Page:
Sword-grass moth (Xylena exsoleta)

KingdomAnimalia
PhylumArthropoda
ClassInsecta
OrderLepidoptera
FamilyNoctuidae
GenusXylena (1)
SizeWingspan: 55- 66 mm (1)

Classified as Nationally Scarce in Great Britain (2).

Sword-grass moth adults are large, with greyish-brown wings. The forewings can vary in colour, being darker in some individuals (3). The caterpillars are plump in appearance and can grow up to 6.5 cm long. They are bright green in colour with two yellow lines passing along the back, between which are black spots with white centres. Along each side there is a white line topped with red dashes (4). The English name 'Sword-grass' is an old name for sedge, which was believed to be the foodplant of the caterpillars in 1778 when the species was given this name (5).

Unfortunately, this moth has suffered a massive decline in the UK since the 1960s. It was once widespread but has been observed in England on only a handful of occasions since 1980. It may hang on as a resident breeding species in both Wales and Northern Ireland but is not recorded often (2). It still breeds over quite a large area in Scotland and is more regularly recorded there (2).

This species utilises a variety of habitats, but tends to occur in moorland or upland sites (2).

Adults of this single-brooded species are active in September and October, and hibernate through the winter, emerging again in March and April (1), when the eggs are laid in groups (4). Caterpillars are active both in the day and night from May to July (1). In August the pupal stage develops on or below the ground (4). The foodplants of the caterpillars have not been identified (2), but may include sorrel and dock (6).

The factors responsible for the poor status of this species are not known (2).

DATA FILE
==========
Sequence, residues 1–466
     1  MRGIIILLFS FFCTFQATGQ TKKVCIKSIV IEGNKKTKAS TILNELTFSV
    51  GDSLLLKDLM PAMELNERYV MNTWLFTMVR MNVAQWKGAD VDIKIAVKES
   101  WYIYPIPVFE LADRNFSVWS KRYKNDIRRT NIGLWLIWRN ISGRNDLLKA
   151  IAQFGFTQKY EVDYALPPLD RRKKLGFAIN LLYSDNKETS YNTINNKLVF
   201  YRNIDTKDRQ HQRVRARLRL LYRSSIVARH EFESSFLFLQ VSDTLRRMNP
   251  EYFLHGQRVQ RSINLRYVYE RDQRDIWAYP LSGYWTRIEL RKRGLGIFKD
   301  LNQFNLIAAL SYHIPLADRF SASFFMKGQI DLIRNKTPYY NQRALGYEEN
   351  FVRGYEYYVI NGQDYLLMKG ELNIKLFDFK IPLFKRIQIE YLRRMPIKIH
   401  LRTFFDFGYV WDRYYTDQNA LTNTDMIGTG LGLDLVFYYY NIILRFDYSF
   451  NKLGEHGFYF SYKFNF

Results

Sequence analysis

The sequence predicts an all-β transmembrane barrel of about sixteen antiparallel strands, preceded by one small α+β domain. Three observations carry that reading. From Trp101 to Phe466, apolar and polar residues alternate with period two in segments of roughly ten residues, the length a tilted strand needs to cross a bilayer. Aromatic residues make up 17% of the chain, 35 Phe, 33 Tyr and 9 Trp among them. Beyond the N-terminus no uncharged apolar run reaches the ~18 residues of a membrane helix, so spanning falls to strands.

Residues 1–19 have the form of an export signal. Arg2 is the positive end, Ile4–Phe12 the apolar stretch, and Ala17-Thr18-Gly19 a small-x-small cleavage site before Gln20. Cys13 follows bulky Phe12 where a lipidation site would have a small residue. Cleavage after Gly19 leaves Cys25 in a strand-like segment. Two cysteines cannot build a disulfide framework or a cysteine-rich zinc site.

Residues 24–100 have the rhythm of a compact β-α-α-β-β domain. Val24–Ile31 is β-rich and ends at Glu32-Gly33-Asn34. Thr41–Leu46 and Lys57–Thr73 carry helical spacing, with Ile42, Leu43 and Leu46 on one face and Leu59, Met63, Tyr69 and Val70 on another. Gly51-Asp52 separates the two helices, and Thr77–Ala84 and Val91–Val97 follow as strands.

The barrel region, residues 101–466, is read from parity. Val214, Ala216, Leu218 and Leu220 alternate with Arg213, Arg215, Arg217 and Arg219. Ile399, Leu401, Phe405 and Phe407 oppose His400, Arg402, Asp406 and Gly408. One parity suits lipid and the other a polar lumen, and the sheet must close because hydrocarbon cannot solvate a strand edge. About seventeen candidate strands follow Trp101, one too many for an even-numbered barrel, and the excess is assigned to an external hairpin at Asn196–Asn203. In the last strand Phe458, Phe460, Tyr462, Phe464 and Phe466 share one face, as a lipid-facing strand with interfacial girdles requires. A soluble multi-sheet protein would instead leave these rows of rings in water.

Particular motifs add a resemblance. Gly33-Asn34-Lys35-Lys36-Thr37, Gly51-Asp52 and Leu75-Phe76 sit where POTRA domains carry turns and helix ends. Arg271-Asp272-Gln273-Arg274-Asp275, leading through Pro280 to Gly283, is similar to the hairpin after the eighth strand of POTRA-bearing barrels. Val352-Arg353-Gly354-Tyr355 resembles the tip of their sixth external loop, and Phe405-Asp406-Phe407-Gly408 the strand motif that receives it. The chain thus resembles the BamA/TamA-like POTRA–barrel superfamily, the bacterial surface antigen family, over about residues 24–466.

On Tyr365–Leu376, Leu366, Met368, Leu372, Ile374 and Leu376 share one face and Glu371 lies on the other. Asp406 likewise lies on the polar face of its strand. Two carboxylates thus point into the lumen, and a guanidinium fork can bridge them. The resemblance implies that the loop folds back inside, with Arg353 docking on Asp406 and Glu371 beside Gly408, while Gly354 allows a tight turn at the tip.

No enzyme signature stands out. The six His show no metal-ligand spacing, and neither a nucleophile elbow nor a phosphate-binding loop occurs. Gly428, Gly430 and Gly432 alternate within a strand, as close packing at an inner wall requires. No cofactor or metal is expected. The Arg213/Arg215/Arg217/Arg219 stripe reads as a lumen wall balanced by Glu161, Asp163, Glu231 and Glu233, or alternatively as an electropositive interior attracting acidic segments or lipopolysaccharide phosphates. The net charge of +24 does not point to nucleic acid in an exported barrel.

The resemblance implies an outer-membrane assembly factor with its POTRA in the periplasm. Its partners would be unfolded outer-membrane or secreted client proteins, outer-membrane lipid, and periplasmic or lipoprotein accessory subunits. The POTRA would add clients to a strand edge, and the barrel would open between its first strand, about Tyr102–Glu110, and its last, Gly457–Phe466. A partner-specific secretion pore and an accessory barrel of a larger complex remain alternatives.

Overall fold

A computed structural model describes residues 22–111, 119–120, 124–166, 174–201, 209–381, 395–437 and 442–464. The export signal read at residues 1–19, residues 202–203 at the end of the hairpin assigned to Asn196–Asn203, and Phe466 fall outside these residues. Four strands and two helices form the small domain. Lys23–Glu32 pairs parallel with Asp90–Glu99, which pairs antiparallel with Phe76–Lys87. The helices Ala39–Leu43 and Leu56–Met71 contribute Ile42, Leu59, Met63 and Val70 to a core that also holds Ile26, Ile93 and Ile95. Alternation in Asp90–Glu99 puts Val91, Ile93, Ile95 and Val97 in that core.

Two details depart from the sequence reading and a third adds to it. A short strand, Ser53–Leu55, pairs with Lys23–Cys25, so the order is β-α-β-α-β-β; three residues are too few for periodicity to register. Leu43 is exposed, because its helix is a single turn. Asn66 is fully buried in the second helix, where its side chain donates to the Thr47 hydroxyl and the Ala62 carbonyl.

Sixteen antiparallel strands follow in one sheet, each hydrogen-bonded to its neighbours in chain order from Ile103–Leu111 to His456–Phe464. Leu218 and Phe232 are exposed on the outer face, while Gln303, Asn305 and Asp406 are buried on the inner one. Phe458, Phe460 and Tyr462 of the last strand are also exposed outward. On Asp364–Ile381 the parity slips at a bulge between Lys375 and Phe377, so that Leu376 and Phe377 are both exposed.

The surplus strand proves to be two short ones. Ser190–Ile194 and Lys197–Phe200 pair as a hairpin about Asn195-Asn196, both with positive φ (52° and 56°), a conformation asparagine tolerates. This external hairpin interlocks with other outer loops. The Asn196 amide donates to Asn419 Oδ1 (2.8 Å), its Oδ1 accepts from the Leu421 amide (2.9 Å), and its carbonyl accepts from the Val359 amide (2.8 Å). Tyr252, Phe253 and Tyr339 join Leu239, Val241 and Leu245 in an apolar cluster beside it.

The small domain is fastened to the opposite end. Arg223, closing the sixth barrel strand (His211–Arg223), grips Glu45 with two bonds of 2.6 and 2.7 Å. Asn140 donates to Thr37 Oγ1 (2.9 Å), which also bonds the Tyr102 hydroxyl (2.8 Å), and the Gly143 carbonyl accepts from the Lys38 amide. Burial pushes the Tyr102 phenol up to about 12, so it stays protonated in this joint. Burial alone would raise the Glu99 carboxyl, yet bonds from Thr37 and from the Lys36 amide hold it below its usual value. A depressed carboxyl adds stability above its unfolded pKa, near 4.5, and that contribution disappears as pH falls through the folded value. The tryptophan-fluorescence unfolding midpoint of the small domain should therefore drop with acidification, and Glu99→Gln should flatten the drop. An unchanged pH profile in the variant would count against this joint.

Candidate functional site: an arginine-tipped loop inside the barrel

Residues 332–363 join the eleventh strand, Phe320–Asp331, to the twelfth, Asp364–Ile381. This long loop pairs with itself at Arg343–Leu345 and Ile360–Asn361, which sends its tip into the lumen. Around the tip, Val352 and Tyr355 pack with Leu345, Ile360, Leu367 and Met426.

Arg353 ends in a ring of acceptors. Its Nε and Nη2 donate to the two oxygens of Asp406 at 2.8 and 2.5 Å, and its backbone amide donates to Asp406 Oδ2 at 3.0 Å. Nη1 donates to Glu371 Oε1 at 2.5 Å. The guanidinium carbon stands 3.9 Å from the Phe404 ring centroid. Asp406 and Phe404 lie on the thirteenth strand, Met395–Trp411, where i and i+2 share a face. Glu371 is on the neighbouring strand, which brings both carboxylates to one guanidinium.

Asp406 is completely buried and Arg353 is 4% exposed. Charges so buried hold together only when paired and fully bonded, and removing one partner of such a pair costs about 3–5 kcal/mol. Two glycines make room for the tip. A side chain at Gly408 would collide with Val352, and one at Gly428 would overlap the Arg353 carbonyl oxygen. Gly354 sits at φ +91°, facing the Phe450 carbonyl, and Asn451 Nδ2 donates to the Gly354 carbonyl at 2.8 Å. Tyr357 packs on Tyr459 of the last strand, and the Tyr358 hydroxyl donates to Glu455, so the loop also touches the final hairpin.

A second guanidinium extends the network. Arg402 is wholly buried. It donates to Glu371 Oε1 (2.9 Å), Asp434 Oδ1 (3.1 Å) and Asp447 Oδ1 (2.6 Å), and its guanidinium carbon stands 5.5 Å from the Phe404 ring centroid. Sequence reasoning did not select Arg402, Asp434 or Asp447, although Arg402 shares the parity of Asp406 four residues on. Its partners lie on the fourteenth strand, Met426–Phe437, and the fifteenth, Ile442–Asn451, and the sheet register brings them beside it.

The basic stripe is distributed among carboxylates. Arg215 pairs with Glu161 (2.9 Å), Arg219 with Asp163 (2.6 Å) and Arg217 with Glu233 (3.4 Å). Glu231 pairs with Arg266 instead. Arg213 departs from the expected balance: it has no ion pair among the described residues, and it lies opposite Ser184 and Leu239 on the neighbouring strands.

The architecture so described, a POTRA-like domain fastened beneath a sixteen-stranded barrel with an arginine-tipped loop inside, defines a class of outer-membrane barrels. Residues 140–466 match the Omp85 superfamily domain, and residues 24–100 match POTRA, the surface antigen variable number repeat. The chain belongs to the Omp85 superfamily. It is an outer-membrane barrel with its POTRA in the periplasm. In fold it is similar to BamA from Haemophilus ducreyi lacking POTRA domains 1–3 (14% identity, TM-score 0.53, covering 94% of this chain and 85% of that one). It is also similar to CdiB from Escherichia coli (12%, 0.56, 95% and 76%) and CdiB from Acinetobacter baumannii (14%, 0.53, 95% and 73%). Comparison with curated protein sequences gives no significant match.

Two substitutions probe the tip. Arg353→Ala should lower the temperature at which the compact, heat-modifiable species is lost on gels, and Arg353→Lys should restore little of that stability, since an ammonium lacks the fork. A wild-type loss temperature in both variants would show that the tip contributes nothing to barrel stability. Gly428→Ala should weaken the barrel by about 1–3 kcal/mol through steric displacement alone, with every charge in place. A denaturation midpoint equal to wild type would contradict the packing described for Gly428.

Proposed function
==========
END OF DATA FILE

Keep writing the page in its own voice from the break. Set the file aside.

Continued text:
The Sword-grass is a UK Biodiversity Action Plan (UK BAP) priority species. The Species Action Plan produced as part of this prioritisation aims to maintain the current known populations and enhance these by 2010 (2). Suitable habitat management, increasing the available area of habitat and linking fragmented habitat patches at occupied sites have been suggested as potential measures that may benefit the species (2).

Further reading on moths:
Leverton, R. (2001) Enjoying Moths. Poyser, London.
Skinner, B. (1884) Moths of the British Isles. Penguin Books, Harmondsworth

Information authenticated by Roy Leverton.

  1. Skinner, B. (1884) Moths of the British Isles. Penguin Books, Harmondsworth.
  2. UK BAP Species Action Plan (December 2001): http://www.ukbap.org.uk/
  3. South, R. (1961) Moths of the British Isles. Frederick Warne and Co. Ltd, London.
  4. Carter, D.J. and Hargreaves, B. (1986) A field guide to caterpillars of butterflies and moths. William Collins and Sons, London.
  5. Marren, P. (1998) The English Names of Moths. British Wildlife, 10: 29-38.
  6. Leverton, R. (2001) Enjoying Moths. Poyser, London.